Tuesday, March 27, 2012

Review: Noa Noa, The Tahiti Journal by Paul Gauguin

Tahitian Women on the Beach (1891) via
Reviewed by Ingrid

Published: 1901

It's about: This journal/memoir by painter Paul Gauguin chronicles time he spent in Tahiti living among the natives.

I thought: I love the post-impressionists, and I've always been intrigued by Paul Gauguin's paintings of Tahiti and the Tahitian people. I was hoping that his journal would tell me more about why Gauguin was so drawn to Tahitian culture and how it informed his unique style and approach to painting. It did, a little.

Two Tahitians (1899) via
There were a few things about this journal that I had to keep reminding myself to overlook - the way Gauguin writes about race, for example, is obviously NOT the way we write about race today. He exaggerates the space between himself and the Tahitians by referring to them as animalistic while at at the same time almost exalting them to divine status à la noble savage. This bothered me, of course, but I tried not to focus on it. Another thing I had to overlook was the fact that Gauguin didn't lead the most moral of lives, considering the fact that he left his wife and children behind to live in Tahiti and had multiple relationships with women there. Not cool, Paul, not cool.

But Gauguin was an idealist, and you have to respect his vision and read his journal in that light if you are reading with the intent to understand him as an artist, as I was. He vividly describes bright colors of the island and the particular confidence and grace unique to the Tahitian women, which he tried to capture in his paintings. His detailed visual descriptions definitely are that of a painter (see the excerpt below.) I was especially fascinated with this. I also liked how Gauguin made an honest effort to engage with the culture - he even learned to speak the language fluently, and many of the original titles of his paintings are in Tahitian.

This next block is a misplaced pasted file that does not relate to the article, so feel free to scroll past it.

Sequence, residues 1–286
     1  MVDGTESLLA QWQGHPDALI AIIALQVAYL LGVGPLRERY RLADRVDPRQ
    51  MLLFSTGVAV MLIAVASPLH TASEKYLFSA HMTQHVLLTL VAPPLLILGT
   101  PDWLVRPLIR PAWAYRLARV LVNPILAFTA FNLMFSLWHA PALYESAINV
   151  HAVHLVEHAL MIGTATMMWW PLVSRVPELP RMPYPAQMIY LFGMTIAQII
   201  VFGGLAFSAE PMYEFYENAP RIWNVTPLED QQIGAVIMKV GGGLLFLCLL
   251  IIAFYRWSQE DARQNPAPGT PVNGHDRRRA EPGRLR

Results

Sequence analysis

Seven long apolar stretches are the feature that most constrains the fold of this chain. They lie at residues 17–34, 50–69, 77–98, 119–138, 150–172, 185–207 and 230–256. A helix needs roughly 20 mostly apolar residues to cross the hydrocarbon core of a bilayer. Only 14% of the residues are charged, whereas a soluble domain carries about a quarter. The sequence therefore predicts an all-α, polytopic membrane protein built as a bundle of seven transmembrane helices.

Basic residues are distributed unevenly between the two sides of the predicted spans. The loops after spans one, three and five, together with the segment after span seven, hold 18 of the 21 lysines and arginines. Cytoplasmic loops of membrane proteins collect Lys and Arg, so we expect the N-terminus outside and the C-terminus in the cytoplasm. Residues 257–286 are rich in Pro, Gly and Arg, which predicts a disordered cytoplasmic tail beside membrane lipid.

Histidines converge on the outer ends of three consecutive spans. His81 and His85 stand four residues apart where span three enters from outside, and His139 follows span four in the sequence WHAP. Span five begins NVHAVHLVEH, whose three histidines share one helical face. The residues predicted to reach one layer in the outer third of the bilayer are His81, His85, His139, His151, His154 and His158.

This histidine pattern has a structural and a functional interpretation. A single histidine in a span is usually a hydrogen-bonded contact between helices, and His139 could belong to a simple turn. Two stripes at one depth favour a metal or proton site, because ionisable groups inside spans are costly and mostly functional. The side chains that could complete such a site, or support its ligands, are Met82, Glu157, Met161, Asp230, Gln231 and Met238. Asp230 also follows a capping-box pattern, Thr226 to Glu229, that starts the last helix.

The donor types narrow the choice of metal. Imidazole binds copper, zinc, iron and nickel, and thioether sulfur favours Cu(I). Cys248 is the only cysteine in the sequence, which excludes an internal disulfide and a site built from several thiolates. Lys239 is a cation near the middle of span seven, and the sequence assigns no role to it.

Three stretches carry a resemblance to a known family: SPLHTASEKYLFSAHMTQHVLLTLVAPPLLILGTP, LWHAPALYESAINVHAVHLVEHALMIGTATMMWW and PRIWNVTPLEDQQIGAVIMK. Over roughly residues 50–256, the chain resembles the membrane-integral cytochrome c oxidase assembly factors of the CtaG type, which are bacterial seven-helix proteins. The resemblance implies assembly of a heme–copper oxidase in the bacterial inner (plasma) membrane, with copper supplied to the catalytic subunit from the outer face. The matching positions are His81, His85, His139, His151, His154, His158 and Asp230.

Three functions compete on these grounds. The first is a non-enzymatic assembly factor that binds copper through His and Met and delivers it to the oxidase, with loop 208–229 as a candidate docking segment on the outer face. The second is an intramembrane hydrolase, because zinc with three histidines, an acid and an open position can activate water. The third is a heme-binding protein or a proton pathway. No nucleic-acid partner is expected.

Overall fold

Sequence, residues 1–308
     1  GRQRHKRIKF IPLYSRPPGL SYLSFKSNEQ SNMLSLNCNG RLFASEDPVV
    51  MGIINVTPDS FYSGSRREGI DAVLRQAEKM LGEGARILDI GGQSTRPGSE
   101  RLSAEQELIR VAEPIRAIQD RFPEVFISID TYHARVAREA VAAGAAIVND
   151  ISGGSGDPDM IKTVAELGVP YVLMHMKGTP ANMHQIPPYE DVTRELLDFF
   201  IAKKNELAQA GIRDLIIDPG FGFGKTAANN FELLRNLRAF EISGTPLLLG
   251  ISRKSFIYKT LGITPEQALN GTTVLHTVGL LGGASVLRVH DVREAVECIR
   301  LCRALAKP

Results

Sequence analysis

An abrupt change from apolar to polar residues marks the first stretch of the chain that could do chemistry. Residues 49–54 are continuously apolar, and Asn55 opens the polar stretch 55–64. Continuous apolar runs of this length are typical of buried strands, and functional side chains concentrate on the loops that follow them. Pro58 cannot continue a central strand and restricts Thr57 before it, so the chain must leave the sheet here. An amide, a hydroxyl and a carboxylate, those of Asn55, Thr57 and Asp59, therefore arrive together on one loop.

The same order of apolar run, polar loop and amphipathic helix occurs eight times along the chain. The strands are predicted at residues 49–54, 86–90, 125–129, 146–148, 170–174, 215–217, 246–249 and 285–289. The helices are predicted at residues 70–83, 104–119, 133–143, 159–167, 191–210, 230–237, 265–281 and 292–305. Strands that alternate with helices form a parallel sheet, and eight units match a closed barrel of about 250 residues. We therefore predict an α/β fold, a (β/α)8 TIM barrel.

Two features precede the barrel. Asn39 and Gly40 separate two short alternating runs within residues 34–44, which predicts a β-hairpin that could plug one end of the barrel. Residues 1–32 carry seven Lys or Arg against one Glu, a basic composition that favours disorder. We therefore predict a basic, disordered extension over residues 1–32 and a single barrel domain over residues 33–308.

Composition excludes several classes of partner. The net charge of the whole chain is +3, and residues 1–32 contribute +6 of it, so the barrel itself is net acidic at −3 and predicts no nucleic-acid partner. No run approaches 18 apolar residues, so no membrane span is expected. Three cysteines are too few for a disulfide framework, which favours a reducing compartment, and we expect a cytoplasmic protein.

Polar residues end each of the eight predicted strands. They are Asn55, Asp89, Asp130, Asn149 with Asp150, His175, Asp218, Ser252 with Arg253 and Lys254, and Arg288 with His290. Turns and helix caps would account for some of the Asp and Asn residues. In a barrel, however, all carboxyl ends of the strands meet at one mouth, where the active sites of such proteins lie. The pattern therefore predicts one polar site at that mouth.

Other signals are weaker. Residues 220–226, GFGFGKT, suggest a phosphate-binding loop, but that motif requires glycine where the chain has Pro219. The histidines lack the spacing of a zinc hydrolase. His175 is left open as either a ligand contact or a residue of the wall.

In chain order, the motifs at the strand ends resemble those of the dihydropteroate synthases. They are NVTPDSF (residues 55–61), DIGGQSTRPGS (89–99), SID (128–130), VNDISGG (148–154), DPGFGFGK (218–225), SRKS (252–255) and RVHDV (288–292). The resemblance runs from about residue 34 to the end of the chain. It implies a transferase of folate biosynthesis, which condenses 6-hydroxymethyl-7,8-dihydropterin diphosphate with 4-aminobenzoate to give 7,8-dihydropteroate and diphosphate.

As a side note, I read the only available version of this book for the Kindle, but I wish I had ordered a print copy. First of all, the translation by O.F. Theis is the English translation in the public domain ... which means it's old, and not the best. The paintings included in the book were difficult to see on the Kindle. The biography of Gauguin included in the appendix had irritating and unnecessary bracketed comments from the editor as well as footnotes that referenced Wikipedia. I wasn't impressed with this edition, but hey, this is the kind of stuff you get once a work comes into the public domain.

Verdict: In between. 

Reading Recommendations: If you like Gauguin's art, this journal gives a little more insight into his work, or at least how he hoped others would see it. Also, here's a recent NY Times article that claims Noa Noa was mostly made up or plagiarized, claiming that "The myth that absorbed [Gauguin] most fully was the myth in the making of Paul Gauguin." Interesting thoughts. Check it out.

Warnings: None.

Favorite excerpts:"She had the majestic sculptural form of her race, ample and at the same time gracious. The arms were like the two columns of a temple, simple, straight; and the whole bodily form with the long horizontal line of the shoulder, and the vast height terminating above in a point, inevitably made me think of the Triangle of the Trinity."

What I'm reading next: The House of Mirth by Edith Wharton